I-43 to Get Diverging Diamond Interchange
Bicycle-friendly design has cars using left lane, a first for the county.
The Brown Deer Road Interchange at I-43 is Milwaukee County’s only “Cloverleaf Interchange.” It dates to the freeway’s construction in the mid-1950s, when the surrounding area was rural, and land was cheap. Currently, traffic is some 80,000 vehicles daily, leading to congestion and crashes in what is now an urban high volume interchange, with levels expected to approach 122,000 by 2040.
In April, the Federal Highway Administration allowed a project to replace the interchange to proceed to final design and construction.
And what a design it is! The Wisconsin Department of Transportation (WisDOT) has proposed the county’s first “Diverging Diamond Intersection” or DDI, to replace the obsolete cloverleaf. According to WisDOT, “These interchanges have been shown to increase capacity and safety, decrease congestion and minimize the cost of new infrastructure.”
Also known as a “double crossover diamond,” the interchange eliminates pesky left turn issues by having traffic travel on the opposite side of the street, as if in Great Britain. Timed signals permit vehicles to cross from the right lanes to the left, and then cross back over after passing through the interchange. Driving on the left side of a two-way street in these parts has traditionally been the province of daredevils, drunks and desperadoes. With the interchange’s projected 2025 opening, it will now be available to law-abiding motorists.
Pedestrian and Bicycle Friendly
Unlike the current cloverleaf, which is hostile to all but vehicular traffic, the DDI provides considerable amenities for those traveling by other modalities. There will be dedicated bicycle lanes in the street, as well as a sidewalk, which will run in the middle of the bridge through the crossover area. It is also cheaper than traditional interchanges. An early project in 2009 in Missouri was budgeted at $10 million, but came in at $3 million. This will be the fifth such intersection in Wisconsin. The first, in Janesville, opened in 2016; another opened in Appleton in 2018, and two others are in the planning and construction stage.
Dan Sellers, the Southeast Region Communications contact for WisDOT, tells Urban Milwaukee of the cloverleaf design, “we don’t build them anymore. … This area has certainly changed a lot in the last 60 to 70 years. It’s very urban now.”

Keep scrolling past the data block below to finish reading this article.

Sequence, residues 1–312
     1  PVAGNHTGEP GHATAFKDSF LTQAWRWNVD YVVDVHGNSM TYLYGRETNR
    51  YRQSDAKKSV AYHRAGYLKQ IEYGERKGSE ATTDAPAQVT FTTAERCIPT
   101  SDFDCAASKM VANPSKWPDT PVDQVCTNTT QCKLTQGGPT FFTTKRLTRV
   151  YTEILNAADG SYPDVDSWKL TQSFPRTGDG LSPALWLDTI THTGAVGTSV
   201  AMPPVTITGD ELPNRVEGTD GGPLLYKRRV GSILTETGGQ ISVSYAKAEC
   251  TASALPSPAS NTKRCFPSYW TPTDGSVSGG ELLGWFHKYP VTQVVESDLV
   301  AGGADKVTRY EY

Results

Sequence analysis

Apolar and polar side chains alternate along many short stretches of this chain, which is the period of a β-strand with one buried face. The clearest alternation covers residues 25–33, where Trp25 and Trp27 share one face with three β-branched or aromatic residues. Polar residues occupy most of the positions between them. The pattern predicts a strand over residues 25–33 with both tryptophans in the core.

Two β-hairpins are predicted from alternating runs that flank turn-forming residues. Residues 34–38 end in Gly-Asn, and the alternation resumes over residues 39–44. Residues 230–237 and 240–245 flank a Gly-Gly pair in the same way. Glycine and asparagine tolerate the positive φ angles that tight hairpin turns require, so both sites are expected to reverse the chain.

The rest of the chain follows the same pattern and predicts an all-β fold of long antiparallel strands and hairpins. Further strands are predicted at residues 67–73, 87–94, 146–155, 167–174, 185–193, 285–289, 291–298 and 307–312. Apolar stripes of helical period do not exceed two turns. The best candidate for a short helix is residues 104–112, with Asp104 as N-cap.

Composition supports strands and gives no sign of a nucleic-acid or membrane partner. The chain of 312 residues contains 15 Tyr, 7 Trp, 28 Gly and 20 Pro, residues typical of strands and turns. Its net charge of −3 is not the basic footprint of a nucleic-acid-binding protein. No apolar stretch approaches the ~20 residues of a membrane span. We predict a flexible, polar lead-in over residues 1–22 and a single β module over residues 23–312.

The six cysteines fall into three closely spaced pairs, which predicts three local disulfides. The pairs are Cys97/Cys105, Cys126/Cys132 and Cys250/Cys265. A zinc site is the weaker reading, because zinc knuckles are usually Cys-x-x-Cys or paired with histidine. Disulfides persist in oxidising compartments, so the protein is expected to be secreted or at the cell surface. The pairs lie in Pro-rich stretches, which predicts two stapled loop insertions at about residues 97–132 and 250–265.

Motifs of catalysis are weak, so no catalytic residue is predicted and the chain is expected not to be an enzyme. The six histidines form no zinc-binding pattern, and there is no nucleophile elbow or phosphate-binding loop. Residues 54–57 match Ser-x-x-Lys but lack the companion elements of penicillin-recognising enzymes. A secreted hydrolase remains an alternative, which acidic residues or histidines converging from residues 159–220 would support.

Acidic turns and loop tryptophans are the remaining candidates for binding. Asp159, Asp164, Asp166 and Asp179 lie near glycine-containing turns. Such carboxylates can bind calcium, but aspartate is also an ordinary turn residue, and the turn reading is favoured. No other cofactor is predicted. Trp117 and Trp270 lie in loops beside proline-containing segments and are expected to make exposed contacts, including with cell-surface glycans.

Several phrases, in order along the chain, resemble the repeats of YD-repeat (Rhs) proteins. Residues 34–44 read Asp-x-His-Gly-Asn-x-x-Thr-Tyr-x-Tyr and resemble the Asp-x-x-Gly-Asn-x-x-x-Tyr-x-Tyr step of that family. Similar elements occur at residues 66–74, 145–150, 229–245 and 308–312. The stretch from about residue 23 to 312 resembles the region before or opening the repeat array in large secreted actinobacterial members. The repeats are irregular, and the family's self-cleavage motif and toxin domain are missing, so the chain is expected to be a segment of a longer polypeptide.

I asked if there were other intersections in the Milwaukee area that are proposed to have a diverging diamond intersection. Sellers responded, “Not at this time. There are other DDI’s that have already been constructed in the state, such as the WIS 11 interchange with I-39 / I-90, south of Janesville. It’s been operating very well.”
The DDI will also occupy a much smaller footprint, and I asked if the redesign of the interchange will result in excess land no longer needed for freeway use that might be put to other uses. According to Sellers, “Details are still being worked out, but there could potentially be an opportunity for this – the new ramps will be closer to the freeway than the existing ramps.” The current cloverleaf interchange is immediately west of the Riverpoint Village Shopping Center in Fox Point, and immediately east of the Milwaukee County Transit System Brown Deer East Park and Ride Lot in River Hills.
First DDI Was in Missouri in 2009
The American Diverging Diamond Intersection dates to graduate study in 2000 by Gilbert Chlewicki, an engineering student at the University of Maryland who had been inventing intersections since childhood. While on a European trip he was amazed to find that a similar interchange was successfully operating in France. This amplified his interest in seeing similar interchanges being built in America. The first was built in Missouri in 2009 and there are now 99 such interchanges operating in about half of all states. Chlewicki manages a website about the DDI.
Oh, and if you can’t quite picture how this interchange will work here is a Video Animation of DDI Traffic Flow.
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